I'd meant to add all this to yesterday's post, but as usual I was too verbose! So I broke it down into two, to make it more manageable.
For all of our trip, we had only occasional internet access, so I limited myself to reading emails, scanning my blog roll, and viewing and occasionally posting on Instagram. At some point in late August, I received an email from Alabama Chanin informing me of a 20% off sale over Labor Day weekend.
I just couldn't resist! I was worried about adding packages to my held mail bin, so Hubby said I could have items shipped to his office. When we got home on Saturday, I saw an email telling me the items had been delivered that morning. So on Monday when he returned to the office, I was expecting him to be able to collect them and bring them home to me. But apparently things don't run that smoothly in mail rooms - he was not able to get the two boxes (the items shipped separately) until Thursday afternoon. Yes, there were some grumpy faces each night as I expected but didn't receive my packages!!
So what did I get in the sale? Well, I wanted just about everything on offer. But I managed to narrow it down to two items: a stencil and a DIY kit.
The Alabama Chanin stencils don't come cheap, and even at 20% off they are costly. But since I've discovered I love doing this, I decided to splash out on a very intricate design: Angie's Fall. I don't mind cutting the stencils, honestly, but my favorite part of this process is the stitching. I was also curious to feel the type of stencil film the company uses on these.
The stencil is just beautiful. Laser cut, so each shape is perfectly formed. The film is nice and heavy, and translucent. It's similar to the plastic used in plastic milk jugs. I'm really looking forward to trying this out in the near future, and because the quality is so great, I would absolutely consider buying another one (on sale - and the sales seem to be frequent).
The other item I ordered was a DIY kit, for a sleeveless top with stitching just on one shoulder: the Anna's Garden Shell Top. Sadly, it no longer appears on the website so I can't link to it. I ordered the kit because I was curious to feel the "house" fabric, and also to see and feel the stenciling as done in the Factory with an airbrush.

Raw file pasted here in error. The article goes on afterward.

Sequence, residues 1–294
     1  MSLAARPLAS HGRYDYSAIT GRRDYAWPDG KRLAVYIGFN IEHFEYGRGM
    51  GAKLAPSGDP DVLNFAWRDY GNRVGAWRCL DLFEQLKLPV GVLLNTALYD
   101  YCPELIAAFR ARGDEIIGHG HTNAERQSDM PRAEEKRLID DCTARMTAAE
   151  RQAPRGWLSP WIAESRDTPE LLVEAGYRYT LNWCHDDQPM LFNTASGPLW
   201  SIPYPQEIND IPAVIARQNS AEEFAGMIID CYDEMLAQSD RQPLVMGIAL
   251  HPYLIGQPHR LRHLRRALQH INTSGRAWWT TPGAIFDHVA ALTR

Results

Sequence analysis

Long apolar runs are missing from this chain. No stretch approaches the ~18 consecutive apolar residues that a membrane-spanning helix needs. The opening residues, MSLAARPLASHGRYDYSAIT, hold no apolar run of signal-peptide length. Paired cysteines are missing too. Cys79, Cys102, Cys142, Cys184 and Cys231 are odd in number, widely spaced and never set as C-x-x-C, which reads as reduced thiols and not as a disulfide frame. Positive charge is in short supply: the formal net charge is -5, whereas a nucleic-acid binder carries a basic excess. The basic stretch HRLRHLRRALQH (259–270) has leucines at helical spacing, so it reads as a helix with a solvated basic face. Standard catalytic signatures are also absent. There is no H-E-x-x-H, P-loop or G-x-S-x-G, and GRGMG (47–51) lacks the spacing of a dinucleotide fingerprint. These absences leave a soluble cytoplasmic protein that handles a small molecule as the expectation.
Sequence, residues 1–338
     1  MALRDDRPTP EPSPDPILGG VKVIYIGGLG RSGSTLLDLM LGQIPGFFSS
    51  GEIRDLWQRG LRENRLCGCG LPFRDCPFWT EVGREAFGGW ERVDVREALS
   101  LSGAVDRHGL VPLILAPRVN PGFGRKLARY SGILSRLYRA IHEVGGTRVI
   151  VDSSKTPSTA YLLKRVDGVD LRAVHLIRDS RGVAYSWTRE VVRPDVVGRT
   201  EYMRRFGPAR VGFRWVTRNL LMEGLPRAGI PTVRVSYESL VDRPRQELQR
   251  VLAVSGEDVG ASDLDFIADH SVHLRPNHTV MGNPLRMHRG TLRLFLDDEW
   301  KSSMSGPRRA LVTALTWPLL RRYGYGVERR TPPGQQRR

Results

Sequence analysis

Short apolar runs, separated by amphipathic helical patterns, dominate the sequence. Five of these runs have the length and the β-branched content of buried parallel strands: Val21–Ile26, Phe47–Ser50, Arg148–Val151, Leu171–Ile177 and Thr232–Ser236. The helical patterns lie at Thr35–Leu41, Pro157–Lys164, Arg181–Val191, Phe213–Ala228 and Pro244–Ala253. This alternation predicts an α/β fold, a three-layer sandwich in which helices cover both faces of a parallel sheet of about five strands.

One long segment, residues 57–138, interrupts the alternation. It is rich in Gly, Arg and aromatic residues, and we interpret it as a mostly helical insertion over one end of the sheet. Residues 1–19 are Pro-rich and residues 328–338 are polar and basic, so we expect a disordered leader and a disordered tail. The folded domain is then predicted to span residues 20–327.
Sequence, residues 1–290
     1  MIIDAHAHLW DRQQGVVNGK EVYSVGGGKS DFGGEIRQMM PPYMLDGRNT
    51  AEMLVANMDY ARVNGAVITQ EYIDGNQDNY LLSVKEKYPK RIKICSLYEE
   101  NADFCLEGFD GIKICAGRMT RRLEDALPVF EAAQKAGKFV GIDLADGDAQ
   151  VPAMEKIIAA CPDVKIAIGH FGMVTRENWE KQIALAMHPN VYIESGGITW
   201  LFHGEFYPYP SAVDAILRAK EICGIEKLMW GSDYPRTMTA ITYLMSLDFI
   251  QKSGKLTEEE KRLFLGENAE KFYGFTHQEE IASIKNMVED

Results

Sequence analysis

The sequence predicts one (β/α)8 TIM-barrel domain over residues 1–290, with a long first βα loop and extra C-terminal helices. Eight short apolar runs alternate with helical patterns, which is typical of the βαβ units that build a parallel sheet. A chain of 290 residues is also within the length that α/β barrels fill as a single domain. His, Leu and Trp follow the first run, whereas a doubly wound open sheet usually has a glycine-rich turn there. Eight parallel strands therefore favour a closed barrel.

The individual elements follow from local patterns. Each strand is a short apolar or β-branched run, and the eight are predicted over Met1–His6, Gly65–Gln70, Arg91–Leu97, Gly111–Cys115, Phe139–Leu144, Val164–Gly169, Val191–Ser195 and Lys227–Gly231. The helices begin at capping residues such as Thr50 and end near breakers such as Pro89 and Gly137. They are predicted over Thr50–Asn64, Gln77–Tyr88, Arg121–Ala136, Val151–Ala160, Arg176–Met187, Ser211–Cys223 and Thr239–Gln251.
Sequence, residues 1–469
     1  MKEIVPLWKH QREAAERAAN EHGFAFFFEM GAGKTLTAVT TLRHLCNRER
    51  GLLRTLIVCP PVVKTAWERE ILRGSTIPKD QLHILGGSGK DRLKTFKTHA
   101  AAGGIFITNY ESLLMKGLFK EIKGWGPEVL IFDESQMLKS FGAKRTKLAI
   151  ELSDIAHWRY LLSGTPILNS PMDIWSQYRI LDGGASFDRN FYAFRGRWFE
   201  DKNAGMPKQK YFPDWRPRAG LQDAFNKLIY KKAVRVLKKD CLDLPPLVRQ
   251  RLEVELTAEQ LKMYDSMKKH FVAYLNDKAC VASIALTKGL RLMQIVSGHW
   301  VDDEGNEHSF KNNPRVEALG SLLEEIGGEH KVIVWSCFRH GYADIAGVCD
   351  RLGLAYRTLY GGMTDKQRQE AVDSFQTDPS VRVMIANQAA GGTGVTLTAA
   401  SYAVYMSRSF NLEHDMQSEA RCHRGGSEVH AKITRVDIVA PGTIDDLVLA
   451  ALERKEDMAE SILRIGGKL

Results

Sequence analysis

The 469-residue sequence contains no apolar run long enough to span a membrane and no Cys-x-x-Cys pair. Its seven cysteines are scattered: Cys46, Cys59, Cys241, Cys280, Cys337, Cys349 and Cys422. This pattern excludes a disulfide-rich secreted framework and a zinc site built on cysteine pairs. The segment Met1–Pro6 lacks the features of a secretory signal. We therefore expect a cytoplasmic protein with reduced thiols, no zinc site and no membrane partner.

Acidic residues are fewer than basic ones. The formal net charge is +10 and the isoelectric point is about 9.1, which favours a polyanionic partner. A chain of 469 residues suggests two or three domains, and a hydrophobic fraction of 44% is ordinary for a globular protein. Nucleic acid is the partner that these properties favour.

Here's a picture of the whole kit - you get everything you need to make the project. When ordering, you choose your size and the outer color, and then you have a limited selection of thread colors to choose from. My outer fabric is "pewter" and the outline thread is black/white variegated.
You also get one of those groovy Alabama Chanin labels to stitch into your finished piece.
The fabric is listed as a medium weight at 9.8 oz. and I'd say that's accurate. It's slightly heavier and fuzzier than the lightweight jersey I ordered from Fabric.com for my first top.
I was surprised to see that the fabric paint used for the stenciling has an almost pearlescent shimmer to it. Alabama Chanin uses the Createx brand, and I used Jacquard textile paint. I'm planning to try out the Createx for my next project, as I do have an airbrush and compressor, acquired over 25 years ago. The stenciling on the kit fabric is a bit less stiff than the foam-brush stenciling I did on my project.
I'm really happy with this kit, but I think for the future I'm likely to stick with putting my pieces together on my own. What remains to be seen is whether I like wearing the lighter weight fabric I bought before, or will prefer the Alabama Chanin jersey. Both are organic cotton; the main differences I see (aside from the weight) are the color selection and the price. On my first project all pieces of the top are two layers of fabric; I think two layers of the heavier Alabama Chanin jersey would be too hot for me for a short-sleeved top. The shell kit I ordered only doubles the fabric under the stenciling.
One last neat thing: even the box the kit was shipped in has an Alabama Chanin motif on the outside! So pretty!